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What about the vistas that could be created if we had a few buildings of reasonable height? One of the things I miss most about my time in San Francisco is the grandeur of looking out at the city from a great height.

by Dan Miller on Nov 27, 2012 3:23 pm • linkreport

I like the idea of a height limit increase in the city, but in the back of my mind I worry about it destroying some of the great views east of the river, especially if that involves building these tall buildings at Poplar Point.

This is the view I enjoy from my living room (one of the reason's I bought my condo) and I'd be sad to see it go.

by Steve M on Nov 27, 2012 3:25 pm • linkreport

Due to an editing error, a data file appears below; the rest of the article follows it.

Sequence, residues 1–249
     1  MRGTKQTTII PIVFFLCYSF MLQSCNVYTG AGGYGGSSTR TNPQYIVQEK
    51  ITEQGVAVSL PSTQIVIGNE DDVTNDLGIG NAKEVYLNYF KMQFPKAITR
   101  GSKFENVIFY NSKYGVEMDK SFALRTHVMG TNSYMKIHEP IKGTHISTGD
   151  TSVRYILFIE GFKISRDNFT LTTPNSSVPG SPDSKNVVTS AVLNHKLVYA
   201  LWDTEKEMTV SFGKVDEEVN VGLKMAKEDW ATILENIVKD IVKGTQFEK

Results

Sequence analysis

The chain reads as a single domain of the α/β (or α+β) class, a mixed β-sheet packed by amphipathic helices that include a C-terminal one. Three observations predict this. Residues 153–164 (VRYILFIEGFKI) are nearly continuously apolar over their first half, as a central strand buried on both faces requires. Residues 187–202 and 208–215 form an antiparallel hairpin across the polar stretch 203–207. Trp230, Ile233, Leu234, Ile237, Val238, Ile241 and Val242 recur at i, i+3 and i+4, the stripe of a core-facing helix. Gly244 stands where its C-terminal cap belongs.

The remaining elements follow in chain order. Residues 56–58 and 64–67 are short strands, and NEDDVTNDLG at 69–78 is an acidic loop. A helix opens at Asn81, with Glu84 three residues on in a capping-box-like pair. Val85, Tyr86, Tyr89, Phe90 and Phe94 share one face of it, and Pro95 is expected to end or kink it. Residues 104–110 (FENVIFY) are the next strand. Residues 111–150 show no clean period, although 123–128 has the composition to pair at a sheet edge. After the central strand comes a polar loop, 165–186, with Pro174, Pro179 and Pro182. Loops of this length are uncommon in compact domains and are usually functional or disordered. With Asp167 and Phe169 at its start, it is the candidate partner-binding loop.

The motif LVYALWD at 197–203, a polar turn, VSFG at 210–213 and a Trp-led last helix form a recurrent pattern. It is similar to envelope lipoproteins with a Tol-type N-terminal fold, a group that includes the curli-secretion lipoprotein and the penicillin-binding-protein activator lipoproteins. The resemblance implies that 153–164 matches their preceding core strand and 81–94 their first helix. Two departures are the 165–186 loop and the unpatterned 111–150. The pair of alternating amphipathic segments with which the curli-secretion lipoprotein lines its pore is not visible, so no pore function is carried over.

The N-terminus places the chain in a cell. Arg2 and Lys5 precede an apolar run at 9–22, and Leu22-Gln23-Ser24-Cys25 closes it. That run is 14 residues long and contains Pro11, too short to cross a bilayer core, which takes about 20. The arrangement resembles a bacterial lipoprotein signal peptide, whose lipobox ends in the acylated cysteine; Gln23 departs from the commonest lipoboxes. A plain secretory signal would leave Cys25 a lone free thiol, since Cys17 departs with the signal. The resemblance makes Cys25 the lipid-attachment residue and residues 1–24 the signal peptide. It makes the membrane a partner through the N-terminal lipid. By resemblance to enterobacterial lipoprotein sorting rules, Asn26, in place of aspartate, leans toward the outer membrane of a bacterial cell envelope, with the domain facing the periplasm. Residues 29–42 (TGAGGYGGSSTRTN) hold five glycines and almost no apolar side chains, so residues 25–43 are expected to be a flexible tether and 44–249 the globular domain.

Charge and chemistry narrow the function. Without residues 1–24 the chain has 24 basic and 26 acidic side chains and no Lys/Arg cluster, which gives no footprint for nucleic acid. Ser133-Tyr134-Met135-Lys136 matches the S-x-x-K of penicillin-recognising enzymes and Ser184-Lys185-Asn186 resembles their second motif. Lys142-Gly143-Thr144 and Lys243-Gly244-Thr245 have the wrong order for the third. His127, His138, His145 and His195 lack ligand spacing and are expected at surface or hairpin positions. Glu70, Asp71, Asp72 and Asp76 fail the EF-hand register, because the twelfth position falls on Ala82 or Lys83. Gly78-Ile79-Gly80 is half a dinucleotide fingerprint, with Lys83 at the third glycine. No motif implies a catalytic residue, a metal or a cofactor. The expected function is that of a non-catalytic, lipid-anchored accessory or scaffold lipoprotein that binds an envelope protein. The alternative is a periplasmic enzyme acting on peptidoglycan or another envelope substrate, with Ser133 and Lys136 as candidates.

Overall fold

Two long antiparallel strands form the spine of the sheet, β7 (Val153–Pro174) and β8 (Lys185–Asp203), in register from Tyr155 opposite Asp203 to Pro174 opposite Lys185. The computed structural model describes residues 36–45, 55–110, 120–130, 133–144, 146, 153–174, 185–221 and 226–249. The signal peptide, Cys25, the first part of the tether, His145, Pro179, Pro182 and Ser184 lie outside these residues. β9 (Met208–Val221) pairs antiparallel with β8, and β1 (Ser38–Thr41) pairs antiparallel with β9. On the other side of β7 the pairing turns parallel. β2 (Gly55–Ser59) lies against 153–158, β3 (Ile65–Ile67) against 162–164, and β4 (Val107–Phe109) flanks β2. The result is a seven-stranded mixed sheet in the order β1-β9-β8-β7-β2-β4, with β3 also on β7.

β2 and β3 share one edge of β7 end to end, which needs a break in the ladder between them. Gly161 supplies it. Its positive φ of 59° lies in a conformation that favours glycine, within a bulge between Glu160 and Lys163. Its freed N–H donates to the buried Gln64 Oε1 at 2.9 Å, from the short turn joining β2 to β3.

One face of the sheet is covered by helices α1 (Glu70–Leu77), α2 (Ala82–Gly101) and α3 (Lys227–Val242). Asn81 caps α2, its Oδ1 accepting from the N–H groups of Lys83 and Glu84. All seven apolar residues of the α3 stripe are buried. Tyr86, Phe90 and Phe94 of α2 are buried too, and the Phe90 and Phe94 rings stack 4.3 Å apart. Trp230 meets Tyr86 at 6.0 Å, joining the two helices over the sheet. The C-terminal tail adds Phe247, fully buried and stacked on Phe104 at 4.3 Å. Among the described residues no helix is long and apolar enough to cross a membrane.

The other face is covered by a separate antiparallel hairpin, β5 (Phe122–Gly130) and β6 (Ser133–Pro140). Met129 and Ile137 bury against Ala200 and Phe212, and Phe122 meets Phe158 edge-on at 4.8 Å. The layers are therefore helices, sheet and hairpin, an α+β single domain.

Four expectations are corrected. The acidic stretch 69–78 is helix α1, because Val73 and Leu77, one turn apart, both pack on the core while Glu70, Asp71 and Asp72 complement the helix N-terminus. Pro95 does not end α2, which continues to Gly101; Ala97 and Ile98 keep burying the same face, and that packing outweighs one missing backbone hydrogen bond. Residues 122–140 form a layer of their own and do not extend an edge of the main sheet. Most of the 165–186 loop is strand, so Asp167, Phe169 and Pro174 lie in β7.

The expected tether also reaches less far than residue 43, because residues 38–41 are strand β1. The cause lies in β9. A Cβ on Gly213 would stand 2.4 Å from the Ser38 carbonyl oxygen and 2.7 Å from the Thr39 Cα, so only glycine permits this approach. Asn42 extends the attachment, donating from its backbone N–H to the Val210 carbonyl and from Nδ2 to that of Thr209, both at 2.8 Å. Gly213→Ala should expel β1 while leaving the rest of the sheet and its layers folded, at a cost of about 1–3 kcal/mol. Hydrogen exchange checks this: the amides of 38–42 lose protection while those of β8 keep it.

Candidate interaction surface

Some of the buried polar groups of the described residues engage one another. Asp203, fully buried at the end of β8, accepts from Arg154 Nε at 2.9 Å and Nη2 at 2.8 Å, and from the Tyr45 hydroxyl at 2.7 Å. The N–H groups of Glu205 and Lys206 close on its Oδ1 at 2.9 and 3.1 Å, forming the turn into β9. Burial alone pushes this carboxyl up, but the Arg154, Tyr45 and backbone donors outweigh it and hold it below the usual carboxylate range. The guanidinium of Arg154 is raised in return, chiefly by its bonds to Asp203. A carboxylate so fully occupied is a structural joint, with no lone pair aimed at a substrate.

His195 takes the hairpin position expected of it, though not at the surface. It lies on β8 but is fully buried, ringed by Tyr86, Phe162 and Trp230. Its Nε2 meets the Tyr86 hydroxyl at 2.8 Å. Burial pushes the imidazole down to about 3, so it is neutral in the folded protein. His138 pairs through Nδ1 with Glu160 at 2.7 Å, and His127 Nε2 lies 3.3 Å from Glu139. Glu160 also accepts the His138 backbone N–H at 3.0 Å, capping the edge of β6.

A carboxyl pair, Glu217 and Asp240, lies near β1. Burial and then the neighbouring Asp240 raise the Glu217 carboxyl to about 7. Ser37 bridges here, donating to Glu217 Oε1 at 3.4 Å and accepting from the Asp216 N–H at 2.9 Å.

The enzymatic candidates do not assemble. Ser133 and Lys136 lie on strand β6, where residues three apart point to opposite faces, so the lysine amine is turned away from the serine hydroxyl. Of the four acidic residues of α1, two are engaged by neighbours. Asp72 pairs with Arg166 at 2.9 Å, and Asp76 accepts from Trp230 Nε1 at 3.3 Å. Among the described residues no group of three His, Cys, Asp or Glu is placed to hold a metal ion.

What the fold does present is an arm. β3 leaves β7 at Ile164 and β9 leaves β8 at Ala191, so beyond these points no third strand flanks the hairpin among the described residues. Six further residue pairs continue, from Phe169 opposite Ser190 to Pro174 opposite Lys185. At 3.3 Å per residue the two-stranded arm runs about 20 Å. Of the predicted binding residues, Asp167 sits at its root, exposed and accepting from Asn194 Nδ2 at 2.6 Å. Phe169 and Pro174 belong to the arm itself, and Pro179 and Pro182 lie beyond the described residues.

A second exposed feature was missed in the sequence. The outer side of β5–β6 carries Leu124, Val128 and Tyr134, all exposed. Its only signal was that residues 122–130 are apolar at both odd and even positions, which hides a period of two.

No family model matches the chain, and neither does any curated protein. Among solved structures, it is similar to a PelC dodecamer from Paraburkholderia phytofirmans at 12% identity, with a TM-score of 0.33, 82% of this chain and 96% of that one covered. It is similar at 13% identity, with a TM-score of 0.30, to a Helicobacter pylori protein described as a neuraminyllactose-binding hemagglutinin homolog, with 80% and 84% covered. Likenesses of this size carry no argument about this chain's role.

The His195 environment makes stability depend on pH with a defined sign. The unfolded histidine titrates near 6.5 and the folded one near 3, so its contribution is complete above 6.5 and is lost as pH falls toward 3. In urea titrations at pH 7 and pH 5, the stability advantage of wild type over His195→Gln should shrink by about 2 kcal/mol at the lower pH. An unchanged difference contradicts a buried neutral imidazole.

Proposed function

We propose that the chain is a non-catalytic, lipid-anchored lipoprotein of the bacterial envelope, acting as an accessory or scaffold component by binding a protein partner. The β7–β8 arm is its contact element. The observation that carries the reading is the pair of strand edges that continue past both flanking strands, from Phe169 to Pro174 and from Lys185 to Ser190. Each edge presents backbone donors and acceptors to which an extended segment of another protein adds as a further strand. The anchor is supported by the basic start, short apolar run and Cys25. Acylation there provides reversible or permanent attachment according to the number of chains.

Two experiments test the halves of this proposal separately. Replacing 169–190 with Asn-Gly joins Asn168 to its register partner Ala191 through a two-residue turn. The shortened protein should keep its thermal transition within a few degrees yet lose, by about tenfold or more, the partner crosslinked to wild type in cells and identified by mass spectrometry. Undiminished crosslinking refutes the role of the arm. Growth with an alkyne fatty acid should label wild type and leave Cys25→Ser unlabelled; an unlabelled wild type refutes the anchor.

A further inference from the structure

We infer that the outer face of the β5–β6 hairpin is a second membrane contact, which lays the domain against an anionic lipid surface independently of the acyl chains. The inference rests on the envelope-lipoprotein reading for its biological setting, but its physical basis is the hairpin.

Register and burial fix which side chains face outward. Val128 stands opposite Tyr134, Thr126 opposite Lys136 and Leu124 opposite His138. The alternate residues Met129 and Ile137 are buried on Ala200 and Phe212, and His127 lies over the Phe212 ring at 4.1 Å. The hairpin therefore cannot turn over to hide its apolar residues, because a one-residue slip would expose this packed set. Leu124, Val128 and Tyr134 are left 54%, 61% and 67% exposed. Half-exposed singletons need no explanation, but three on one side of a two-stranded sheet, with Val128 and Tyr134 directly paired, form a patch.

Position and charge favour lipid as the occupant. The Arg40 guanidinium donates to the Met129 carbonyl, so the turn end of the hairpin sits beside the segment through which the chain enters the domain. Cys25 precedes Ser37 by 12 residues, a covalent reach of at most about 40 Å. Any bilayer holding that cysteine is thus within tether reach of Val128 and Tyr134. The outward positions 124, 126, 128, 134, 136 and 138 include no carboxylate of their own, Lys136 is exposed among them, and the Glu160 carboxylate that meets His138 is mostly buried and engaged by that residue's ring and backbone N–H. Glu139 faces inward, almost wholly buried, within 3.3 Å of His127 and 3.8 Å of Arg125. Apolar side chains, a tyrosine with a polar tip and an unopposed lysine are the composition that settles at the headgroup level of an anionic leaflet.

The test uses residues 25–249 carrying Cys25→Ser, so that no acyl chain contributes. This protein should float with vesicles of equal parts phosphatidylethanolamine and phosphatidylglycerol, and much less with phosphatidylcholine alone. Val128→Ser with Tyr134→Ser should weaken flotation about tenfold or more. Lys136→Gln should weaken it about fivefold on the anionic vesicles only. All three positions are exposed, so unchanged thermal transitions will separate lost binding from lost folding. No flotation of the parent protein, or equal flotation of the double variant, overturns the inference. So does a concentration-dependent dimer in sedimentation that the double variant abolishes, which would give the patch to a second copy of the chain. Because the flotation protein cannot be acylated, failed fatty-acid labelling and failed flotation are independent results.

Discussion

To me, this seems as much an argument to build taller downtown anyway. Anything at Poplar point would obscure much of what's pictured. But taller buildings North of the Washington Monument and west of the Capitol wouldn't block the view of those buildings. Much like how the dome of St. Pauls is very visible even in central london where there are very tall buildings east of the cathedral.

DC has too many hills to ever be like chicago or Denver where you can see the skyline from miles away.

Don't forget about the view from Our Lady of Perpetual Help

by drumz on Nov 27, 2012 3:35 pm • linkreport

Hands down EOTR has some of the best views in the city. You should try to capture the top of the hill near Washington View the those from the new townhome-condo at MetroTowns. Nothing short of amazing.

@Steve, breathtaking...absolutely breathtaking.

by HogWash on Nov 27, 2012 3:37 pm • linkreport

What is so great about that view?

by beatbox on Nov 27, 2012 3:55 pm • linkreport